Finally, there are masses of nature sound apps out there to choose from. I really like this one as it has a really large range of sounds to choose from, you can mix sounds to your taste, and there’s some beautiful pictures of scenary to accompany the sounds. It also includes a variety of white/pink noise to choose from. I wouldn’t hesitate to recommend this one to my tinnitus patients (and anyone else who wants to relax!)

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They’re popping up everywhere and are chosen for their status providing renewable and clean energy – wind farms. Earlier this month I was asked if I could answer a couple of questions about how wind turbines may impact on the hearing, and hearing aid / cochlear implants, of local residents. I have to admit to not really knowing anything about them so I put the question out on Twitter too…

… and although I didn’t get any responses that answered the question I did get some from other users who said they’d be interested in what I found out. So here’s a summary of what I learnt after some research, but I’m still learning so do add any comments with further evidence if you have it.

Q 1. Is there is any research on the implications for deaf people with hearing aids of living near to turbines?

A. No. There is no research, literature or other evidence (that I can find) of any positive or negative impact on hearing aids, cochlear implants or their wearers living near wind turbines. I can find two statements written by members of the public saying that turbines cause problems for hearing aid / cochlear implant users but cannot find any fuller description, case study, or evidence as to why this should be.

and

Q 2. Can you offer a professional opinion about the impact on of the turbine on a young person’s hearing and possible damage?

A. What I have established in relation to wind turbines and the ear/hearing:

  • There is no evidence that the noise generated by wind turbines causes hearing loss, and wind turbines are not loud enough to cause hearing loss.
  • It is known and widely acknowledged that wind turbines generate significant levels of infrasonic acoustic energy (noise that is below the frequency range that the human ear detects as sound).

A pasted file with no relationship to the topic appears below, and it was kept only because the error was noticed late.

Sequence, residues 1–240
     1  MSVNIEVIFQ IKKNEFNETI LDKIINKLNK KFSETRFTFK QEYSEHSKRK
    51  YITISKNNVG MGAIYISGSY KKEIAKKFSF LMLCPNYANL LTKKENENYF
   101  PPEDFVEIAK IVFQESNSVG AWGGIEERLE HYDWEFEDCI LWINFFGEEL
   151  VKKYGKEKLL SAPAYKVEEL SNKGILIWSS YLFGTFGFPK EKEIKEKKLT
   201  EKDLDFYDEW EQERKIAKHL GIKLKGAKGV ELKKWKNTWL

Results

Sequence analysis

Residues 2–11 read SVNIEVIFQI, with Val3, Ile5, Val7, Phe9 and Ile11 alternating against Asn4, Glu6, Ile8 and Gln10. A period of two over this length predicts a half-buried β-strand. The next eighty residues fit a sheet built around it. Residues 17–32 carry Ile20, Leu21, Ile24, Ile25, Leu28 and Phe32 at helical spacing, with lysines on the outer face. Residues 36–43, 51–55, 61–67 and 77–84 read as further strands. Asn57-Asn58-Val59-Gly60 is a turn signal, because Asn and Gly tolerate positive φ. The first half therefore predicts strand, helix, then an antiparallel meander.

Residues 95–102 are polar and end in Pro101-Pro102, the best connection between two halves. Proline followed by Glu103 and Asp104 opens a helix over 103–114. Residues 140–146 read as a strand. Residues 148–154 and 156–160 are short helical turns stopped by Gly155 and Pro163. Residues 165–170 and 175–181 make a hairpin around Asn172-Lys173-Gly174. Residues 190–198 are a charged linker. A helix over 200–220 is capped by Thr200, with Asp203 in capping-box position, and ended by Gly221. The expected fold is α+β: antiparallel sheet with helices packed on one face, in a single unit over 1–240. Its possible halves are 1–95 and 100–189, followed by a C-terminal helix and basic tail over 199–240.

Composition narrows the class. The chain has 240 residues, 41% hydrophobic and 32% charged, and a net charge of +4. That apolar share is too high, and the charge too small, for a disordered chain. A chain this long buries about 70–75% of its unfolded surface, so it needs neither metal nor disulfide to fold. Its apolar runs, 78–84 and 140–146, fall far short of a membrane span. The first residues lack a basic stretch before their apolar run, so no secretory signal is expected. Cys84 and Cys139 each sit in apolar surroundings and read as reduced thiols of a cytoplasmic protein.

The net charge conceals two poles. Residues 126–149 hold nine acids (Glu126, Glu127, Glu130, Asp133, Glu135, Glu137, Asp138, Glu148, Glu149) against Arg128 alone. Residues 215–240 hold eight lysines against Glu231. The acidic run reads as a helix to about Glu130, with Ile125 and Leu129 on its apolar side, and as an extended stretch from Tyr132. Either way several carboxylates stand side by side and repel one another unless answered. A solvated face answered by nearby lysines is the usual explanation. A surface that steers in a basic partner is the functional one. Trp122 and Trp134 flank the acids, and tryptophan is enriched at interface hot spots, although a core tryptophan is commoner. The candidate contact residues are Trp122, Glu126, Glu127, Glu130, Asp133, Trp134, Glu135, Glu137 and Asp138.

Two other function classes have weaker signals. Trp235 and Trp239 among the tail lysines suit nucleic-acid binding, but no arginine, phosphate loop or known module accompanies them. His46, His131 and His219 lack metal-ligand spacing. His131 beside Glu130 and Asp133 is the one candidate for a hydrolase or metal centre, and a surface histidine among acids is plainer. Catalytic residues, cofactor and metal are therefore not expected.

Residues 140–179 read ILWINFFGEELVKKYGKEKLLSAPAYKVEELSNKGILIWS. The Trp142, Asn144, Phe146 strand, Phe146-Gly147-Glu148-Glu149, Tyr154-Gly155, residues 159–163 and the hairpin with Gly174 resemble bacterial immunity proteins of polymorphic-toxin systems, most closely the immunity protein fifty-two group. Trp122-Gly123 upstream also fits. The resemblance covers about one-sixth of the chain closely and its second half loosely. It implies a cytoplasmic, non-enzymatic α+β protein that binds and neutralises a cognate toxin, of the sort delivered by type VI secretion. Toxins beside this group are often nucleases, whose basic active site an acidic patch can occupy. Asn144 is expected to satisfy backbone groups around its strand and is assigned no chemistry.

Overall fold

• There is some limited lab-based research evidence  (such as this) that suggests infrasonic sound (vibration) may cause some disruption or abnormal stimulation of the inner ear (cochlea and vestibular system) that may form the basis of the symptoms of ‘wind turbine syndrome’. These symptoms include tinnitus, vertigo, disturbed sleep, headaches, memory and concentration deficits, irritability and anger, fatigue and loss of motivation.
  • Wind turbine syndrome is not experienced by the majority of people living near turbines. The data may be difficult to establish as those closest to the turbines (ie those who rent land to the energy companies) are often motivated to be positive about turbines due to financial incentives, and/or gagging clauses in contracts that prevent them saying anything negative about them. But many of the symptoms can also be explained by other factors such as stress and annoyance etc.
  • Planning guidelines in the UK says that turbine noise should not exceed 5 decibels above background, ambient noise. A wind farm produces a noise of about 35-45 decibels at a distance of 350m. Rural night-time background noise typically ranges from 20 to 40 decibels. No indoor levels are specified.
  • Most hearing aid wearers would be able to follow a close one-to-one conversation easily in this level of background noise.
  • In terms of background noise levels and the effect on hearing aid wearers it would be my opinion that if these levels were accurate and maintained, that outdoors the natural noise of the wind would be likely to be more of a hindrance than the turbine noise to the hearing aid or cochlear implant wearer (wind blows over the microphone and is amplified, wind also carries voices away from the listener etc). Indoors it is unlikely that these levels of background noise from outside would be significant or even heard. These background noise levels are certainly a lot lower than the average town or city dweller experiences most of the time.

I have located just one document for audiologists “Wind-Turbine Noise; What Audiologists Should Know” (Audiology Today, Jul/Aug 2010). It includes lots of information on the acoustics, infrasonic vibration levels, and the potential health problems that could be associated with wind turbines (such as tinnitus and vestibular disturbance) but is clear that the levels generated aren’t loud enough to cause noise damage and makes absolutely no mention of problems associated with hearing aids or cochlear implants.